Mitt Romney and the Conservative Black Vote


Even when they identify as right-leaning, black voters still overwhelmingly favor the Democratic Party. Academics say there's a way forward for the GOP.

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CHICAGO -- Does Mitt Romney have a snowball's chance to lure many of America's increasing number of self-styled conservative black voters?

Forget the cynical political consultants, cable pundits, and adroit spinners on individual campaigns. America's egghead class of supposedly sober and empirical political scientists have spoken and they don't see it.

That was clear at the opening of a mammoth annual academic gathering in Chicago. "Racial Identity and Political Attitudes" was the very first early morning panel Thursday when the Midwest Political Science Association began its annual four-day intellectual bacchanal, coincidentally at a hotel a few blocks from President Obama's reelection headquarters.

The "Midwest" moniker aside, the gathering draws several thousand political scientists from around the world, offers hundreds of panels and both unveils and critiques a sky-high stack of academic papers on a comically-diverse range of subjects.

Thus, the racial identity panel was one of 55 competing gatherings just at 8:30 a.m. Its rivals for bleary-eyed, Starbucks-fueled attention included "Judicial Politics in Latin America," "The Determinants of Inequality and Income Redistribution," "Congressional Campaign Spending," "Novel Ways of Theorizing the Public Space: Frankfurt School and Beyond," and, yes, "Alfarabi, Religion and Political Philosophy," reference to a long-ago Islamic scientist and philosopher.

The subject of Romney and black conservatives surfaced at a panel whose individual papers being presented included "Race is in the Eye of the Beholder?: Obama Chooses to be Black, Does the Public Agree," an inspection of response to the president's self-designation as black when filling out his Census form by a trio from the University of California at Berkeley. It actually came up after discussion of a paper titled, "More than Meets the Eye: The Nature of Black Conservatism" by Tasha Philpot, a political scientist at the University of Texas in Austin.

In sum, her ongoing research underscores an increasing identification among many African-Americans as conservatives. But while there is a growing nexus between whites who designate themselves conservatives and also call themselves Republicans, that's not the case with blacks. Even when moving to cite themselves as conservative, African-Americans still overwhelmingly identify with the Democratic Party and support Obama.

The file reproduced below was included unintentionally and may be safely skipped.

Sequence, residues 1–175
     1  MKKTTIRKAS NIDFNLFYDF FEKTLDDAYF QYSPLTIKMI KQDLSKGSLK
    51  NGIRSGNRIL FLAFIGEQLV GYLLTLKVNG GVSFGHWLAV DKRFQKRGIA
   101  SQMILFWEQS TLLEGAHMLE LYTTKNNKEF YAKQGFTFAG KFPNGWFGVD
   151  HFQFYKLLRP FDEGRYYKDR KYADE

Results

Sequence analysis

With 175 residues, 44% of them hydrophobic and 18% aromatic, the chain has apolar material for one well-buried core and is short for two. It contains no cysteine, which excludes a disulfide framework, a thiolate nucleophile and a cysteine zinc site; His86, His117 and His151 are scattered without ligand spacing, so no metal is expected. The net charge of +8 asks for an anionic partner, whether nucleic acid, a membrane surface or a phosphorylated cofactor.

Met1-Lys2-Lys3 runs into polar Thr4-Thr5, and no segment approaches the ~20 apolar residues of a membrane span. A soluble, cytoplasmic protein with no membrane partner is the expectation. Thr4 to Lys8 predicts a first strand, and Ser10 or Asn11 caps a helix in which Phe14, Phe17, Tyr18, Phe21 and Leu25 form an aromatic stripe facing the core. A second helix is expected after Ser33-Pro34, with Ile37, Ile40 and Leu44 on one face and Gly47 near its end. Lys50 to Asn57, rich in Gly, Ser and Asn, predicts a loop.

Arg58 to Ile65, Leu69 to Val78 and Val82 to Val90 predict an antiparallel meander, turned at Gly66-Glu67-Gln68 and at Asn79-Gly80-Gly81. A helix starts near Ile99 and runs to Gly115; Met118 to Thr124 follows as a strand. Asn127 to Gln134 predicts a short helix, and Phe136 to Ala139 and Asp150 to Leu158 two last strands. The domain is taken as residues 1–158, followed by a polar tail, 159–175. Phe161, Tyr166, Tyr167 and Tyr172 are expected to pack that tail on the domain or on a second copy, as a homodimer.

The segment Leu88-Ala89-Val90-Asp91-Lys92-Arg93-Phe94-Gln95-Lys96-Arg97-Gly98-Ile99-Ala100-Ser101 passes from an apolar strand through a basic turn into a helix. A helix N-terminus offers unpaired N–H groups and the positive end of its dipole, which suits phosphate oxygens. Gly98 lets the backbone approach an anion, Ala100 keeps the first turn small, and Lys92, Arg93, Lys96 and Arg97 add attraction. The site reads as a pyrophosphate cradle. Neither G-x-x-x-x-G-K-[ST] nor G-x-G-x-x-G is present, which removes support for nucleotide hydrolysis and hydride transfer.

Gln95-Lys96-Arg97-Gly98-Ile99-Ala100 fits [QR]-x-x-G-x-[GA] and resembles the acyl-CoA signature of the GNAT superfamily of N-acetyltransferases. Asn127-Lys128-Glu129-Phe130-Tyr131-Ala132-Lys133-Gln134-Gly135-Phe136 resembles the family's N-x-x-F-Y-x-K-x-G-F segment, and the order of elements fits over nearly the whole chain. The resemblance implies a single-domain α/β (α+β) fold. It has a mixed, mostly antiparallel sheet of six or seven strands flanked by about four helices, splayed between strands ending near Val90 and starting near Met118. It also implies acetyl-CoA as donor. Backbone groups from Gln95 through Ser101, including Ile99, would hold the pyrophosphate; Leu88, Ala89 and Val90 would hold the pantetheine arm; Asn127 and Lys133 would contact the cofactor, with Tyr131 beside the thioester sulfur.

In part, that's explained by different criteria by which blacks and whites define both conservatism and liberalism, she said. But it wasn't until Natalia Kovalyova, a political scientist at the University of North Texas, surfaced as one of the panel's two "discussants," or de facto humorless critics after all the formal presentations, that the whole matter of Romney luring black conservatives was broached.

"This subject merits a book-length treatment," she said. "Blacks consistently vote Democratic despite increasingly self-identifying as conservatives. Is that something that can be undone?"

"What are the practical implications?" Kovalyova wondered. "Is there any chance for Republicans to win over blacks? What does this [Philpot's research] offer practitioners in crafting a [campaign] message?"

When specifically asked what the takeaway of her research would be for the Romney brain trust, Philpot said: "The takeaway is the racial component. If you want blacks, you have to deal with the image of the Republicans as associated with racism. They're ripe for the pickings if Republicans would ease up on that part of their image."

At this point, the chair of the proceeding, Gary Segura of Stanford University, decided to insert himself into the discussion.

"Race is so embedded in the Republican Party, an appeal to blacks would then hurt it with its working class whites."

Philpot will continue her work and re-craft the draft presented Thursday in light of her colleagues' suggestions. It is safe to say, since this is academe, the final product will be published long after the election.

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James Warren is the Chicago editor of the Daily Beast/Newsweek and an MSNBC analyst. He's former managing editor of the Chicago Tribune. More

James Warren is a former manager, editor and Washington bureau chief of The Chicago Tribune. An ink-stained wretch, he's labored at The Newark Star-Ledger, The Chicago Sun-Times, and the Tribune in a variety of positions, including financial reporter, legal affairs reporter-columnist, labor writer, media writer-columnist and features editor. The Washingtonian once tagged him one of the town's 50 most influential journalists (he thinks he was 46, the number worn by Andy Pettitte, a pitcher for his beloved New York Yankees). He's a political analyst for MSNBC. He was recently publisher and president of the Chicago Reader, and is now policy columnist for Business Week and twice-a-week Chicago columnist for The New York Times (you can find his handiwork on the paper's website and on new Chicago pages produced for Friday's and Sunday's Midwest print editions by the nonprofit Chicago News Cooperative, which he held to start). A native New Yorker, he's a happy resident of the wonderful, if ethically challenged, City of Chicago, where he lives just north of decaying Wrigley Field with his Pulitzer Prize-winning wife, Cornelia, and their sons, Blair and Eliot. Blair's t-ball team is, yes, the Yankees.

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